VimeoSome articles have Vimeo videos embedded in them. (Privacy Policy)
    PaypalThis is used for a registered author who enrolls in the HubPages Earnings program and requests to be paid via PayPal. No data is shared with Paypal unless you engage with this feature. (Privacy Policy)
    Facebook LoginYou can use this to streamline signing up for, or signing in to your Hubpages account. No data is shared with Facebook unless you engage with this feature. (Privacy Policy)
    MavenThis supports the Maven widget and search functionality. (Privacy Policy)
    Google AdSenseThis is an ad network. (Privacy Policy)
    Google DoubleClickGoogle provides ad serving technology and runs an ad network. (Privacy Policy)
    Index ExchangeThis is an ad network. (Privacy Policy)
    SovrnThis is an ad network. (Privacy Policy)
    Facebook AdsThis is an ad network. (Privacy Policy)
    Amazon Unified Ad MarketplaceThis is an ad network. (Privacy Policy)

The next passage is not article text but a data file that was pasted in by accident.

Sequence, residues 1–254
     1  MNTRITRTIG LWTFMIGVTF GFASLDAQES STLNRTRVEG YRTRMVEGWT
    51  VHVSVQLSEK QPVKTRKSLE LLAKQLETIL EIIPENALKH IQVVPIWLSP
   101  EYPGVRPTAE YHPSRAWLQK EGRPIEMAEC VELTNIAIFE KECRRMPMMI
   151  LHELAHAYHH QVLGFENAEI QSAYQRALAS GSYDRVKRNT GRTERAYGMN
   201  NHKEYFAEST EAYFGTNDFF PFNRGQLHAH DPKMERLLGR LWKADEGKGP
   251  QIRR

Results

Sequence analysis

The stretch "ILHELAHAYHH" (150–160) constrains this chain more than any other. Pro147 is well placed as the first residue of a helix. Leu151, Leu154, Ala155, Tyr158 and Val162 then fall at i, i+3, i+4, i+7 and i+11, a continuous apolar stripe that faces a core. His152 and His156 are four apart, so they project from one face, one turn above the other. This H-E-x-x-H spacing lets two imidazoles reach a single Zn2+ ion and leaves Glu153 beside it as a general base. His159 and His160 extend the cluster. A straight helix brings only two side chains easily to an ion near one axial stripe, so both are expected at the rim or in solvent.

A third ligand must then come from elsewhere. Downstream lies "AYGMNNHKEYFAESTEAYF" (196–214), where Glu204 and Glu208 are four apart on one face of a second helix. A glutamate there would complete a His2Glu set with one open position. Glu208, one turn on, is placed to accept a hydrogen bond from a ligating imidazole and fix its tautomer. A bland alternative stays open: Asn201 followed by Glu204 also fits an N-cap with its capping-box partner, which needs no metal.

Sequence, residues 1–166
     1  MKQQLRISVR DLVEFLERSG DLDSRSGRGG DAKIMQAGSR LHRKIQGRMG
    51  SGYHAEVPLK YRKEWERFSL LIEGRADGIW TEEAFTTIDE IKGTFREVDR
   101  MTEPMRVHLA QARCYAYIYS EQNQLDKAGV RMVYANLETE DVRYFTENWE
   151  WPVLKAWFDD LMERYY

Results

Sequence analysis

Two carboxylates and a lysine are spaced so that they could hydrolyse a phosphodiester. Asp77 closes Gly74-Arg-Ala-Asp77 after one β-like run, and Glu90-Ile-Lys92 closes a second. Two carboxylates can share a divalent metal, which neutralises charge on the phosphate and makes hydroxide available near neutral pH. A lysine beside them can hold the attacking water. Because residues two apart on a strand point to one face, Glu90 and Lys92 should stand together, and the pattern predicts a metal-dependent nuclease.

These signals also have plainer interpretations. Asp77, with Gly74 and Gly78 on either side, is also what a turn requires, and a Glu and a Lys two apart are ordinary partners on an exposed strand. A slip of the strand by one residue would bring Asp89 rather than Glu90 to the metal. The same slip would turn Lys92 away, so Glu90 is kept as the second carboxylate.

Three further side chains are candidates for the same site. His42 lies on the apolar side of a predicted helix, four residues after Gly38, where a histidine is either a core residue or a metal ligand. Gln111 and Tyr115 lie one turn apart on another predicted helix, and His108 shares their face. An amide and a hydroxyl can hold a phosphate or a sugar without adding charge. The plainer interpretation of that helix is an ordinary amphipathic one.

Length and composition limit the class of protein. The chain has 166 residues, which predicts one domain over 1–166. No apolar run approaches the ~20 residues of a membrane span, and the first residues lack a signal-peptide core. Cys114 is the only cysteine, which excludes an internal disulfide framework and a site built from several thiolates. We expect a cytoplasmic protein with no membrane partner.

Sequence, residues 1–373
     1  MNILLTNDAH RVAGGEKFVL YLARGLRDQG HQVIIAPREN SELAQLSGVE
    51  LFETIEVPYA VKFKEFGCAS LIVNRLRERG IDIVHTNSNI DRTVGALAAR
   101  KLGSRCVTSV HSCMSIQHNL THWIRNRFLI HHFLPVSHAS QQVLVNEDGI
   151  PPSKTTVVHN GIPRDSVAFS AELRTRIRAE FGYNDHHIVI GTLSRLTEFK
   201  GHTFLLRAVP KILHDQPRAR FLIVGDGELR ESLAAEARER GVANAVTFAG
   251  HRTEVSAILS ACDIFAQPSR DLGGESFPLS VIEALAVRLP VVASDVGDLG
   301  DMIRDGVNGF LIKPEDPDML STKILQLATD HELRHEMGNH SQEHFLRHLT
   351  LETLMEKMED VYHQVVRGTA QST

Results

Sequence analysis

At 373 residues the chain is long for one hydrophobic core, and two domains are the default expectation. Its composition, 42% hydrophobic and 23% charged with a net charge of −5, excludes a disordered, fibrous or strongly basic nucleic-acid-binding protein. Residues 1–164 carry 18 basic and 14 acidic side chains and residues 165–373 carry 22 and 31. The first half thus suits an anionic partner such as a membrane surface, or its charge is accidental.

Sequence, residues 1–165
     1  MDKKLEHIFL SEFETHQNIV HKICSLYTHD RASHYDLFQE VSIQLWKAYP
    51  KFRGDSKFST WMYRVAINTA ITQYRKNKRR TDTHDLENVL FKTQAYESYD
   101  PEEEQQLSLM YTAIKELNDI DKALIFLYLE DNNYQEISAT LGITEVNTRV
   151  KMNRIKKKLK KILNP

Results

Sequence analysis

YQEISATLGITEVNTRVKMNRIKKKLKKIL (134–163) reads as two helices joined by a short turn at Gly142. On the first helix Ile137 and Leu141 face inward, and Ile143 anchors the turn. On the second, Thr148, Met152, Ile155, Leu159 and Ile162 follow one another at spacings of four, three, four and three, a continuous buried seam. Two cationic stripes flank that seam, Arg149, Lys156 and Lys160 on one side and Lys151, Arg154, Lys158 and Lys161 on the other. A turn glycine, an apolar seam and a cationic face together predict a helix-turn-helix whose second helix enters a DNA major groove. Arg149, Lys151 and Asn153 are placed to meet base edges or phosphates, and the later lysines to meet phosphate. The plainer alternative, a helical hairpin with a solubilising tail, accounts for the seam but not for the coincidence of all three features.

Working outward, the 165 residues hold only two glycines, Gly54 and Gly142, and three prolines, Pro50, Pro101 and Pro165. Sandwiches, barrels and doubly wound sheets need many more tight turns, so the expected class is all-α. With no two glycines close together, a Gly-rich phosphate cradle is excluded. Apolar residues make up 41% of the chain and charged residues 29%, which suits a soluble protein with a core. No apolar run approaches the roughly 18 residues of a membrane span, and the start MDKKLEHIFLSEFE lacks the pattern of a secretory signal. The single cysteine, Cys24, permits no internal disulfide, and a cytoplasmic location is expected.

AppNexusThis is an ad network. (Privacy Policy)
    OpenxThis is an ad network. (Privacy Policy)
    Rubicon ProjectThis is an ad network. (Privacy Policy)
    TripleLiftThis is an ad network. (Privacy Policy)
    Say MediaWe partner with Say Media to deliver ad campaigns on our sites. (Privacy Policy)
    Remarketing PixelsWe may use remarketing pixels from advertising networks such as Google AdWords, Bing Ads, and Facebook in order to advertise the HubPages Service to people that have visited our sites.
    Conversion Tracking PixelsWe may use conversion tracking pixels from advertising networks such as Google AdWords, Bing Ads, and Facebook in order to identify when an advertisement has successfully resulted in the desired action, such as signing up for the HubPages Service or publishing an article on the HubPages Service.
    Author Google AnalyticsThis is used to provide traffic data and reports to the authors of articles on the HubPages Service. (Privacy Policy)
    ComscoreComScore is a media measurement and analytics company providing marketing data and analytics to enterprises, media and advertising agencies, and publishers. Non-consent will result in ComScore only processing obfuscated personal data. (Privacy Policy)
    Amazon Tracking PixelSome articles display amazon products as part of the Amazon Affiliate program, this pixel provides traffic statistics for those products (Privacy Policy)